Reviewed by Becca, age 15:

Fixing Delilah Hannaford was one of the best books I have ever read! I am hoping there will be a sequel. Lately things in Delilah's life have been falling apart. Her grades used to be good, but now they are dropping. Her friendships are falling apart. Delilah's so-called "boyfriend" is not her boyfriend anymore. Her grandmother has died and Delilah needs to spend the summer settling her grandmother's estate with her mother. Delilah's mother refuses to discuss her family's past with her. She discovers family secrets making her wonder whether most of what she has known is true. Delilah meets one of her friends from her childhood who teaches her to look at life in a new way.

Forgotten by Cat Patrick

London Lane forgets everything each night and uses notes to struggle through the day, but she "remembers" future events and when they become more disturbing she realizes she must learn about the past lest it destroy her future.

Reviewed by Brittany, age 16:

When London goes to sleep, she forgets everything that happened the night before. She makes notes to remember things. The book was well written. If this book was a movie, I'd give it to thumbs up. Since it is a book I will give it 4 stars. This book got to my emotions. Some parts of the book I was screaming to the book and was like what is Jamie doing? London meets a cute boy and they go out. They each have their own secrets. This book makes you see that you can change your future but not your past. This book is worth the wait.

Heart of a Samurai by Margi Preus

Reviewed by Katie, age 13:

Heart of a Samurai is an inspirational book about a young boy named Manjiro [later to be named John Mung]. His journey starts when Kuroshio, the Black Current, sweeps them out to sea. After being adrift for days, they arrive on Bird Island. There they live horribly for months until they are rescued by a kind American captain and his crew. After a while, Manjiro is found to be an excellent whaler. They land in Oahu, and Manjiro's friends, Denzo, Jusuke, Geomon, and Toreamon decide to stay, while Manjiro is adopted by Captain Whitfield. Together they go to America, and Whitfield takes a wife. Together they have William, who Manjiro takes kindly to immediately. Manjiro and his friend, Terry, go to California for the great Gold Rush in 1850. There Manjiro finds enough gold to take his friends and him back to Japan. When they arrive, they are arrested for one and a half years. Finally, they were allowed to return to their homes. Three days after returning home, Manjiro was giving the lowest rank of Samurai, sadame-komono. Later, he died at the age 71 in 1898.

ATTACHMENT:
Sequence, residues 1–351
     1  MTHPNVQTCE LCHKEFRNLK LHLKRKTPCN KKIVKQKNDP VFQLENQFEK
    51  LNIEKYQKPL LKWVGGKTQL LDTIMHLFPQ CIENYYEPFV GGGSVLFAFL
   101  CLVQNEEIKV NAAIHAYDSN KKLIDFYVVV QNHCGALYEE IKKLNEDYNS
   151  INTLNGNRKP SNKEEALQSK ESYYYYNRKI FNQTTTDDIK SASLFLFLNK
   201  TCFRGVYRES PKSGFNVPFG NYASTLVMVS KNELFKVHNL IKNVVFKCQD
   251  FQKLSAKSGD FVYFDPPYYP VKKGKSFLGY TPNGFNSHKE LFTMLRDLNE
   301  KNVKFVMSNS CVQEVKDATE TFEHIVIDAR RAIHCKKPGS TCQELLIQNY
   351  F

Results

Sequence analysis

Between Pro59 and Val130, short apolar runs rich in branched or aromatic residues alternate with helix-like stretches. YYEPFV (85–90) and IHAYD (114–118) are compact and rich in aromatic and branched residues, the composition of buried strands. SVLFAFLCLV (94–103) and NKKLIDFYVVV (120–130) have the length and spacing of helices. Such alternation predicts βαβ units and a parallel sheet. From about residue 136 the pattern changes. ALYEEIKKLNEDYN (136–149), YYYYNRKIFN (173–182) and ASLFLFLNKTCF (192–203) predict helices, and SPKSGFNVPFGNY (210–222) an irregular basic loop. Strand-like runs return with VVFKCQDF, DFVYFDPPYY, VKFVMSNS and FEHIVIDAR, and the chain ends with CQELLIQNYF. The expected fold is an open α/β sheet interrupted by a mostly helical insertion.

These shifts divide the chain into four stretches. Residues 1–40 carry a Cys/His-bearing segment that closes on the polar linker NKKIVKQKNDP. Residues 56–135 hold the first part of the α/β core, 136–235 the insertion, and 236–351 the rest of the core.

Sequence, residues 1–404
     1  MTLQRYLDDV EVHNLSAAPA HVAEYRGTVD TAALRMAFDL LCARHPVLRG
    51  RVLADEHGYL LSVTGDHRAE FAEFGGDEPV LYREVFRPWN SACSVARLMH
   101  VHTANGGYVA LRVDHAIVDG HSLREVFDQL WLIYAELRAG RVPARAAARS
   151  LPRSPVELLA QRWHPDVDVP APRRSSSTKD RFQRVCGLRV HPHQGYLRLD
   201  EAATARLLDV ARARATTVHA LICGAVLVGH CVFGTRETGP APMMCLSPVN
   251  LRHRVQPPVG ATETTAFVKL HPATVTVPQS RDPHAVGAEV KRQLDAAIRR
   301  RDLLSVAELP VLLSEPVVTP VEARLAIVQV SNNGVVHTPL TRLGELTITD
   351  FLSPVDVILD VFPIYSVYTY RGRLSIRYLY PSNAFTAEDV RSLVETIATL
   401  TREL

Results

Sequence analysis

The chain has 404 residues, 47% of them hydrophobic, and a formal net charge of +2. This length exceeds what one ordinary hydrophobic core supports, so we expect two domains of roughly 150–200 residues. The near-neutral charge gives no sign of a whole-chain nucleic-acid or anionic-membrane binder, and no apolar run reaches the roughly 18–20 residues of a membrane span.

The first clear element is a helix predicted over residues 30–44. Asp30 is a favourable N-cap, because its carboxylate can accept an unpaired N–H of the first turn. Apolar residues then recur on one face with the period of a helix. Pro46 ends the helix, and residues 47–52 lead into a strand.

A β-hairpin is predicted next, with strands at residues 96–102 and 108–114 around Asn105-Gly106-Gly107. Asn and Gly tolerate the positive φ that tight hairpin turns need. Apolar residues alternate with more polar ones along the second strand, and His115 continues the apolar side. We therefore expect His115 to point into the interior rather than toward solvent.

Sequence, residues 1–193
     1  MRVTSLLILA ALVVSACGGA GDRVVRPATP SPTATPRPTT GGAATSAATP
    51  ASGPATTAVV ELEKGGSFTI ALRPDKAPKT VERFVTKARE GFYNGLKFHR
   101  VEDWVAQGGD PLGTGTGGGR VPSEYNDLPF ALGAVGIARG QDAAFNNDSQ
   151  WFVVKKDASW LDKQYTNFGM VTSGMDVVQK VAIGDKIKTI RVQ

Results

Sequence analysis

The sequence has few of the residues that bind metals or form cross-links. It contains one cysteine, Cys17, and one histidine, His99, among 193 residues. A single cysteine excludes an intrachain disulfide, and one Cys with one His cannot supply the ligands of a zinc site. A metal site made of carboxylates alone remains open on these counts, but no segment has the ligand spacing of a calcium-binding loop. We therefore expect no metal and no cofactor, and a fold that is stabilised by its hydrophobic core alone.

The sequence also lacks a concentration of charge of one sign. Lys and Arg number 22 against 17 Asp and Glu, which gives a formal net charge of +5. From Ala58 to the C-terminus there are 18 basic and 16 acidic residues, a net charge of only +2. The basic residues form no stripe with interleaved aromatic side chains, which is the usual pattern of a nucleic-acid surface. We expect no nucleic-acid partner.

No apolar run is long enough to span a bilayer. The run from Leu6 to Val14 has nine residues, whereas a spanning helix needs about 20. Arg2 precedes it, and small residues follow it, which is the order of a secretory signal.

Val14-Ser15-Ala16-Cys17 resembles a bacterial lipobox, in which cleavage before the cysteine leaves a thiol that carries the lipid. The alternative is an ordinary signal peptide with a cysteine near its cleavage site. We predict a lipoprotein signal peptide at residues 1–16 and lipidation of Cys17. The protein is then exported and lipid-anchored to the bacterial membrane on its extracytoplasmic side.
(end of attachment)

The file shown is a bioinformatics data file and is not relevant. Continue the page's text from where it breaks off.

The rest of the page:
I loved this story of friendship and love and would highly recommend this book to all samurai lovers. Although the story is dull at first, my opinion of it brightened by every word. Written by Margi Preus, this book was an absolute delight and a wonder with pages full of descriptive facts.